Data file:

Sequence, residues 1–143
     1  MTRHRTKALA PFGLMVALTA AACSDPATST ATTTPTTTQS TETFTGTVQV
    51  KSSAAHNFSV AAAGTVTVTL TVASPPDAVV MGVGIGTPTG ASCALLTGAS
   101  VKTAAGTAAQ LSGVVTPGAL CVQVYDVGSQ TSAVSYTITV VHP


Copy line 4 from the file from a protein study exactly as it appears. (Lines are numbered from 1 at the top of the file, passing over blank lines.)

   101  VKTAAGTAAQ LSGVVTPGAL CVQVYDVGSQ TSAVSYTITV VHP